Conclusions In this small feasibility study, MSM with rectal CT appeared to be at appreciable risk of GII. Asymptomatic carriage may play a role in sexual transmission of GII.


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Gastrointestinal infections (GII) can cause serious ill health and morbidity, including diarrhoea, dehydration, bacteraemia, Reiter's syndrome and haemolytic uraemic syndrome. Transmission occurs through the faecal–oral route and is primarily associated with contaminated food or water. Sexual transmission is well described, especially among men who have sex with men (MSM), among whom it is usually associated with exposure through direct or indirect oroanal contact.1–5

In the last decade, there have been remarkable changes in the epidemiology of some GII in England.4 ,6 ,7 Diagnoses of non-travel associated Shigella flexneri, usually associated with travel to endemic areas, have risen sharply; non-travel associated cases now outnumber travel-associated cases.6 Control measures have focused on raising awareness among clinicians and patients to reduce spread in those with symptoms. However, these have made little impact on the Shigella spp. epidemics.6 It is unclear whether asymptomatic infection, which is an important characteristic for many STIs, plays a role in sexual transmission of GII.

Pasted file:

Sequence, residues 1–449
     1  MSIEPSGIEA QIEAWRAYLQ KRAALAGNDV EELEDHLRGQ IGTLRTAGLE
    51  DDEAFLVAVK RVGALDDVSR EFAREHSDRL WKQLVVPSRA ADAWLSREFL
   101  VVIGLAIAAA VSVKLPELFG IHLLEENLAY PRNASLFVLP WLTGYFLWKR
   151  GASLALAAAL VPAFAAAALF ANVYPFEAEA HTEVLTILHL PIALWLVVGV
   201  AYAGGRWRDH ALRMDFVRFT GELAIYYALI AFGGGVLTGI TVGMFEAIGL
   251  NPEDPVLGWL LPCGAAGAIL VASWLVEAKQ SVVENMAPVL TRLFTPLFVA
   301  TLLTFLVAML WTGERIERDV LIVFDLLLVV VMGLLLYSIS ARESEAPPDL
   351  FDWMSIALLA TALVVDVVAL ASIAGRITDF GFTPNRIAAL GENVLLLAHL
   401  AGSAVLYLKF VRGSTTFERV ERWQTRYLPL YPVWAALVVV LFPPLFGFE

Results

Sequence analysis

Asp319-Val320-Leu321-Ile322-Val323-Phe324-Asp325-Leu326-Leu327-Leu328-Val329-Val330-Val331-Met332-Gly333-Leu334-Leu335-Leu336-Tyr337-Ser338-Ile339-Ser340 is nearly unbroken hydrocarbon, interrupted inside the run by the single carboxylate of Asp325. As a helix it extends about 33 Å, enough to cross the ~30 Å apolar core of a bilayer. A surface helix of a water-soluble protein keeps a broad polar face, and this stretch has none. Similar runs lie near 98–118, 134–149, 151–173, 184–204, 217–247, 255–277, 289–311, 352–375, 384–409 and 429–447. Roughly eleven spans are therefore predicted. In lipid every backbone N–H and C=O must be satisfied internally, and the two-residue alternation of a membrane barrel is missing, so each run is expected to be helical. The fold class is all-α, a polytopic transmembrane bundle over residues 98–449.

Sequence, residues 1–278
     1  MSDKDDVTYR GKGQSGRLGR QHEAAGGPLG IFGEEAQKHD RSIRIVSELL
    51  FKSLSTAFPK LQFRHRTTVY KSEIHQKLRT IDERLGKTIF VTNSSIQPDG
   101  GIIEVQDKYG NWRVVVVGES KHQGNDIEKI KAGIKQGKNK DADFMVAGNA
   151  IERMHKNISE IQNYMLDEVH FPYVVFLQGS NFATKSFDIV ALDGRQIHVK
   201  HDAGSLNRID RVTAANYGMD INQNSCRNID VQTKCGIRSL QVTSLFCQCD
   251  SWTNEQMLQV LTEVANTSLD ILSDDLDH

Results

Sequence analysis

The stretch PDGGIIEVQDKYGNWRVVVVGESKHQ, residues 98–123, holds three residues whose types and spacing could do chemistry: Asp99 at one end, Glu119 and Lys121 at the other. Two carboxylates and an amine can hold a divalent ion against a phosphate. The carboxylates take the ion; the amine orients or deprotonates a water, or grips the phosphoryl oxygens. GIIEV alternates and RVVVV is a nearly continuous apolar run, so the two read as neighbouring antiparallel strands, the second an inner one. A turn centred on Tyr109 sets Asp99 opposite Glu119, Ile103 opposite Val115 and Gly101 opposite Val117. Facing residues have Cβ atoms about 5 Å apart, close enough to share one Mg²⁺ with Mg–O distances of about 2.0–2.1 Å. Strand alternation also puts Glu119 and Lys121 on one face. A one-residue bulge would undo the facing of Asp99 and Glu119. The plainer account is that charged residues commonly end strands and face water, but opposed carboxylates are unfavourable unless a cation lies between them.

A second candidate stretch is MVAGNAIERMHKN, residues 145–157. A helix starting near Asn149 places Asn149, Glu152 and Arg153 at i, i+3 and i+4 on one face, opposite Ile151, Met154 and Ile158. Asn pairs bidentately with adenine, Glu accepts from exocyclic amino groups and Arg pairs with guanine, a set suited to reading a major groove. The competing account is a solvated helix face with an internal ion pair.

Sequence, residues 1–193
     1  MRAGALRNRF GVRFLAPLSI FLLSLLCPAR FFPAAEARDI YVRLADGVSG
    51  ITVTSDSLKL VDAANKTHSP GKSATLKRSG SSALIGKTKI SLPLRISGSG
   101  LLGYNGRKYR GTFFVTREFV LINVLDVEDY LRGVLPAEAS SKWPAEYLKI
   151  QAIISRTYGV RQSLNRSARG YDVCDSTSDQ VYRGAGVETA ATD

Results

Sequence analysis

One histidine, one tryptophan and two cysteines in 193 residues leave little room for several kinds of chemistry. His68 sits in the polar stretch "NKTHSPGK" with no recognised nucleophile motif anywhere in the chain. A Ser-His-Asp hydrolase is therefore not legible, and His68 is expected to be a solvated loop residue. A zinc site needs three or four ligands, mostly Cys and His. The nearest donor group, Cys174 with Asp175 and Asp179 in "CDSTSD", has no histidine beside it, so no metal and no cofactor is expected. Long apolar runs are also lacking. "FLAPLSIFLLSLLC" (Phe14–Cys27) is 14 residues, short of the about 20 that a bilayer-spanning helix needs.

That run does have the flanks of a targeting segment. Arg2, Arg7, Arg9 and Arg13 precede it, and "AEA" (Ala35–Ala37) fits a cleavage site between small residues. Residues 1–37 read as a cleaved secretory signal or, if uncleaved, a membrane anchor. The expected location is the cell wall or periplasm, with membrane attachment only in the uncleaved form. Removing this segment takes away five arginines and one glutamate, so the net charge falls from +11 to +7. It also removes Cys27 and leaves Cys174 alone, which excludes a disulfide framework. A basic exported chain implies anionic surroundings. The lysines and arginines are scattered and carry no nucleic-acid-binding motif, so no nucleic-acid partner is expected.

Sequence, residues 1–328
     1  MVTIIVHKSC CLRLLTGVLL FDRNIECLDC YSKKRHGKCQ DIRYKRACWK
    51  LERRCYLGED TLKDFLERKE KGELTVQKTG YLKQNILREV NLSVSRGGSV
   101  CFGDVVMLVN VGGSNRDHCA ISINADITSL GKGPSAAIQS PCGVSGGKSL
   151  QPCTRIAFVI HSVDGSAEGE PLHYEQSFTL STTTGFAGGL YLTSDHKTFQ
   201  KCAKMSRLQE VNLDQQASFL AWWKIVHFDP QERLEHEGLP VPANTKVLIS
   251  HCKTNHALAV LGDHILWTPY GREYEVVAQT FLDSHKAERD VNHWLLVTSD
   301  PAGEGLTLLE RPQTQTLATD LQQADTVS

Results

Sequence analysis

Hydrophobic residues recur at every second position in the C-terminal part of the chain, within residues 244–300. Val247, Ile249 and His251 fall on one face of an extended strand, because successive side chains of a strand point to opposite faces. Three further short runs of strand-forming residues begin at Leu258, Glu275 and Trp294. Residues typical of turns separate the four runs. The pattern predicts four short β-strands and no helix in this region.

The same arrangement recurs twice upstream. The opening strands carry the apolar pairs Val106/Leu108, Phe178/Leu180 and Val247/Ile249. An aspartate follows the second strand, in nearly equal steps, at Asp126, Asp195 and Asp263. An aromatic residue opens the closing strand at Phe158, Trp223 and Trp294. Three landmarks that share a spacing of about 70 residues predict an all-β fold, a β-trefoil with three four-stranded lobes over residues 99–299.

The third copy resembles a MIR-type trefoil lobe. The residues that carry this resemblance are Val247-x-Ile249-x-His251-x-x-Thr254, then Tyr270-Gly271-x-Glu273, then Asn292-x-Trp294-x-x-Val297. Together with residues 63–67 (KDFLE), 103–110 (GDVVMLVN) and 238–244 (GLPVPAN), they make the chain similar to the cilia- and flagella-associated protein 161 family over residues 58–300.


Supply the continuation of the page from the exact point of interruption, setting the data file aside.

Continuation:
The prevalence, incidence and transmission dynamics of GII in MSM is poorly understood because (1) surveillance data reflect the subset with acute infection presenting to clinical services, (2) sexual exposure is not routinely recorded for GII and (3) there is no simple method for routinely screening MSM for GII. We used a convenience sample of MSM diagnosed with rectal Chlamydia trachomatis (CT) at selected UK sexual health clinics to investigate whether rectal swabs from routine STI screens would make suitable specimens for GII testing and to provide crude estimates of GII prevalence in these men. Infection with rectal CT suggests a history of receptive condomless anal intercourse and identifies a group potentially at higher risk of GII from indirect oroanal contact. As such, MSM with rectal CT are an appropriate population for a feasibility study on GII.


Study population and study period

We used a convenience sample of MSM from a Lymphogranuloma venereum (LGV) case-finding study.8 The LGV study included only MSM who had been consecutively diagnosed with rectal CT at 12 clinics in the UK (in Brighton, Glasgow, London and Manchester) between 24 September 2012 and 7 December 2012, except those who had taken any antibiotics during the previous 6 weeks.8 The recruiting clinics serve large MSM populations; they undertake routine testing of MSM for rectal CT (using clinician or self-taken rectal swabs) regardless of symptoms and follow up some cases according to UK guidelines.9 Specimens were submitted to the Public Health England (PHE) Reference Laboratory for CT confirmation and LGV typing.8 Residual CT-positive specimens were included in the GII study.